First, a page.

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The Reflector

The Student Newspaper of Mississippi State University

The Reflector

The Student Newspaper of Mississippi State University

The Reflector

Exhibiting exploration: Feed.Back.Loop gallery displays elegant mishaps of artistic process

 From now until March 7, Mississippi State University students and Starkvillians who venture into the Cullis Wade Depot Art Gallery will see small, repetitive loops that vary in color and density covering the room. Some pieces are folded and others lay flat against the wall. These works comprise Feed.Back.Loop, an exhibit by artist Lindsey Landfried that displays her efforts from two years spent exploring the process of creating art.

In 2010, Lanfried studied ceramics in Moracco. She said much of her work there included mosaics and weaving. The soothing and tedious nature of the repetitive motions associated with these art forms spoke to Landfried, as she said she began to connect the processes to her father’s repetitive factory job.

“I found it to be rich with metaphors, the expertise and monotony,” Landfried said. “I began to wonder what it would be like to put that in my work.”

The pieces in the exhibit are not precise or perfect. Some loops take on unexpected shapes, and some areas are darker than others. Landfried said these variations are not imperfections but opportunities for unexpected moments of creation.

“I like to leave glitches and mistakes, things that at first can seem wrong but can be quite beautiful,” Landfried said.

Landfried said she believes the arts allow artists to create sensitivity toward the subjects they explore and craft a constant question-and-answer dynamic.

“It’s that conversation that motivates me to keep making,” she said. “It’s always a surprise.”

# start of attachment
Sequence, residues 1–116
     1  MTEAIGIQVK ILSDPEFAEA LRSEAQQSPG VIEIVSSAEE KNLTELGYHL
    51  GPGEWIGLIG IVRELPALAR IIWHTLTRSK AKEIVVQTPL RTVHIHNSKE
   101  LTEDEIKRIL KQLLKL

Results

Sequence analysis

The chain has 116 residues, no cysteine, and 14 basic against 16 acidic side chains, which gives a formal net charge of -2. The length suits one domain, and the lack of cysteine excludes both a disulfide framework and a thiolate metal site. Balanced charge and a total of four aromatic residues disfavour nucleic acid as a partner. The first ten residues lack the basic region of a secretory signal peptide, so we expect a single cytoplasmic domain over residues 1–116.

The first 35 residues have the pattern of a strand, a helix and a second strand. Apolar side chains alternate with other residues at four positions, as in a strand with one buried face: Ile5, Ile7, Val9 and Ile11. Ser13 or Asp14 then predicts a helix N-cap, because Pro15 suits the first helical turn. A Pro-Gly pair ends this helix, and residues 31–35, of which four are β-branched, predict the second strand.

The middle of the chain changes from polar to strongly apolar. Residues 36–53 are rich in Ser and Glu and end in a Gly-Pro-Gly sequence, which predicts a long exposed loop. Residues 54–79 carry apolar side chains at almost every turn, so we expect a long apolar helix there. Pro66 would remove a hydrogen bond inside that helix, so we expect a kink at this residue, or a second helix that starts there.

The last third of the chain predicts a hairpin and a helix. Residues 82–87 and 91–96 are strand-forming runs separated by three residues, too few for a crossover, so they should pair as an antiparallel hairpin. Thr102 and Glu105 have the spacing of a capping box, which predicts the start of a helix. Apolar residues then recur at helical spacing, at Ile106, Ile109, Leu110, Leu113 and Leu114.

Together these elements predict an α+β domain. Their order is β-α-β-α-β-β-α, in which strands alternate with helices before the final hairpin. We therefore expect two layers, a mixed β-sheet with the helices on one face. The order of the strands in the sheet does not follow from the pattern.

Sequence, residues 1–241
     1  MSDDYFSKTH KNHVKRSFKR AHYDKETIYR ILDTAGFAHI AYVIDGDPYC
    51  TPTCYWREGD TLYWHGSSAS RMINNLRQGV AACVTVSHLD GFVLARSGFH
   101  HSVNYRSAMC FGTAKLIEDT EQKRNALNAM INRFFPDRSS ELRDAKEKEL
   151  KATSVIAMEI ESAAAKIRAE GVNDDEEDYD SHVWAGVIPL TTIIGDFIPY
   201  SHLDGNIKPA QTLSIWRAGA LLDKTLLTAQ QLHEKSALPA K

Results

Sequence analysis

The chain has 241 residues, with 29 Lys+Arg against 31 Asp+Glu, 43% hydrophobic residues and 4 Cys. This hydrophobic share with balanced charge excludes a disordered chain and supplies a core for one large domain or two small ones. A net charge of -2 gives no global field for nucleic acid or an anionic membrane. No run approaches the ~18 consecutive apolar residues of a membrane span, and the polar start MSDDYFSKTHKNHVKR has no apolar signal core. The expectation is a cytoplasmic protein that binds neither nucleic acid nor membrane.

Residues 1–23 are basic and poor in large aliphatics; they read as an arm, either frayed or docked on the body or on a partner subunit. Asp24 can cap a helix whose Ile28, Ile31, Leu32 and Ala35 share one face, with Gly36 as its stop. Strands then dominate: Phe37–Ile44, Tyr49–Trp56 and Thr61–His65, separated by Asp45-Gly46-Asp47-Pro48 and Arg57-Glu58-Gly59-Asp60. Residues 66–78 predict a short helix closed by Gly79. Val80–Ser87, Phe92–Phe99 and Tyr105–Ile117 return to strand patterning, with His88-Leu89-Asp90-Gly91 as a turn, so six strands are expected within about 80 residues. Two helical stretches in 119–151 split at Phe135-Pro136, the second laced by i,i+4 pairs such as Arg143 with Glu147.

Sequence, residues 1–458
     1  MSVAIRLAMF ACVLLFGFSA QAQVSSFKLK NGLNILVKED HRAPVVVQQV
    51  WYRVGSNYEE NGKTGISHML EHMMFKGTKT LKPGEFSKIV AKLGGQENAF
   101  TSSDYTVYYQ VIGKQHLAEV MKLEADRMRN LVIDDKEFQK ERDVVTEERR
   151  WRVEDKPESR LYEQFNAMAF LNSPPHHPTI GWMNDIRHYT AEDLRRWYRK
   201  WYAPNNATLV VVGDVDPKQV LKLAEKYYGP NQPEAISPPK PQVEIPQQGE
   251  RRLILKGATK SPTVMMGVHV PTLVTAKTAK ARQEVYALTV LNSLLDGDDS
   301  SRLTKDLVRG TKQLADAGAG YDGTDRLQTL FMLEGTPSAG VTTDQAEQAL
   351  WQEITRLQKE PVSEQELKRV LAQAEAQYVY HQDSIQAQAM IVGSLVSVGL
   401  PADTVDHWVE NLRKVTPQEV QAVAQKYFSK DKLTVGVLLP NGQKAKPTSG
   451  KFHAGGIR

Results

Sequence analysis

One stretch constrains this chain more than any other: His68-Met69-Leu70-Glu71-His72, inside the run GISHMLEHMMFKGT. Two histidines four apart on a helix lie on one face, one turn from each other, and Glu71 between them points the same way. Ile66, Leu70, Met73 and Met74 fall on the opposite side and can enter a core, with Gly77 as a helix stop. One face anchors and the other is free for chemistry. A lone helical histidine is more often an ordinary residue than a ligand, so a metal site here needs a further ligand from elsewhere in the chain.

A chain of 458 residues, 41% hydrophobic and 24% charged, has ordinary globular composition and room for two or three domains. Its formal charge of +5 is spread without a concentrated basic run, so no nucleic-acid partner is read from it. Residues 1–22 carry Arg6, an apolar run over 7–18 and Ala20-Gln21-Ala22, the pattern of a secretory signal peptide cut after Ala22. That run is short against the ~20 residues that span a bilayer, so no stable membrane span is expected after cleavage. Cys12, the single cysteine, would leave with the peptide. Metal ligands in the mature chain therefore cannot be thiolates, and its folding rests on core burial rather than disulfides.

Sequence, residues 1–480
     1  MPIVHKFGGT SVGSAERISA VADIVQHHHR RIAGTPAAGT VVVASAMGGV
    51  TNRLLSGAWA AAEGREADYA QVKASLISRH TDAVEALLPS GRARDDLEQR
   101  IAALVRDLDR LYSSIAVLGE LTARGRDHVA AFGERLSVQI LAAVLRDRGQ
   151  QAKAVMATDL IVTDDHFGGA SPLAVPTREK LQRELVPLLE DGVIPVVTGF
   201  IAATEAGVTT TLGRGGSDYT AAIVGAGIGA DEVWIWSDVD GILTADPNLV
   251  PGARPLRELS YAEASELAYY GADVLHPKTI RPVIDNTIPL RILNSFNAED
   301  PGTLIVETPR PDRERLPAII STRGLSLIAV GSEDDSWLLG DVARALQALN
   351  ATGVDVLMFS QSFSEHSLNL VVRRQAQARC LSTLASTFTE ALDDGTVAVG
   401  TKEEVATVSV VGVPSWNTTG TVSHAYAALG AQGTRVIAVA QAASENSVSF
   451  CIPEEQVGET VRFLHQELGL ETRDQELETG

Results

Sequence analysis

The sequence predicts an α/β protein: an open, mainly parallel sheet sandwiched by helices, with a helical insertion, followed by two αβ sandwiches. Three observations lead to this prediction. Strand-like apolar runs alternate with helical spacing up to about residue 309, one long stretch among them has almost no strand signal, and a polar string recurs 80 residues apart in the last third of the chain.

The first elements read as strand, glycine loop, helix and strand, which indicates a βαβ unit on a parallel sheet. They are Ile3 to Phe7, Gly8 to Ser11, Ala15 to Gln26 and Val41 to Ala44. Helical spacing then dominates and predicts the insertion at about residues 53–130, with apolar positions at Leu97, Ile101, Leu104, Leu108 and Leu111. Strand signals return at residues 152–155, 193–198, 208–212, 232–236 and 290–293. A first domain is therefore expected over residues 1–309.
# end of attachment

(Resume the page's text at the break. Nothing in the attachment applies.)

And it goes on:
Lori Neuenfeldt, program coordinator for the Visual Arts Gallery, said Landfried’s pieces captivated her from the moment she saw them due to their interest in the nuances of technique.

“I am fascinated by artists who are interested in the process as much as the finished product, and I see that in Lindsey’s work,” she said.

The exhibit is made up of seven large panels interspersed with smaller panels. For Neuenfeldt, the larger works convey a sense of urgency while the smaller panels seem more subtle and delicate. 

Neuenfeldt said Landfried’s work not only exists in a vacuum, but Landfried shows an understanding of the importance of art in the contemporary world.

“She’s fascinating with how art interacts with society and how society needs art,” she said. “We need advocates like that.”

The work on Feed.Back.Loop. began a year ago. While Landfried was living in Berlin, Germany, as a researcher, she sent a proposal to Neuenfeldt asking to bring the exhibit to MSU.

Neuenfeldt said the proposal was humbling and thrilling, as the exhibit allows MSU to continue to showcase relevant modern artwork.

“It’s a huge compliment that we’re on the radar,” Neuenfeldt said. “It’s exciting to show 

artwork from the contemporary art world.”

Though some may discount more abstract work like Landfried’s, Neuenfeldt said the style of art can offer new, unseen perspectives to viewers.

“Abstract art can relate differently to different people based on past experiences,” she said.

Neuenfeldt said she believes the exhibit will be relatable to students, as she said the monotony of taking pen to paper to create something beautiful can be similar to the daily grind of schoolwork, “whether or not they realize it there’s a connection.”

Neuenfeldt said on a broader scale she sees the gallery as a tool people can use.

“We’re connected to everything,” she said. “You can learn about the world around us. It’s about opening up yourself to other’s views.”

Neuenfeldt said Landfriend also knows the demands of exhibitions, as she has curated other galleries as well as her own work.

Though art galleries can seem exclusive or intimidating, Landfried said the gallery is a great place for everyone to experience the arts, whether that be a professor steeped in art history or a student who doodles in the margins of notebook paper.

“It’s always a pleasant social thing,” she said. “If you like it you can stay, if not you can leave.”

Feed.Back.Loop will be available on the second floor of the MSU Welcome Center Monday through Friday from 9 a.m. to 5 p.m. The exhibit has been sponsored by a Starkville Area Arts Council Community Grant.





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Exhibiting exploration: Feed.Back.Loop gallery displays elegant mishaps of artistic process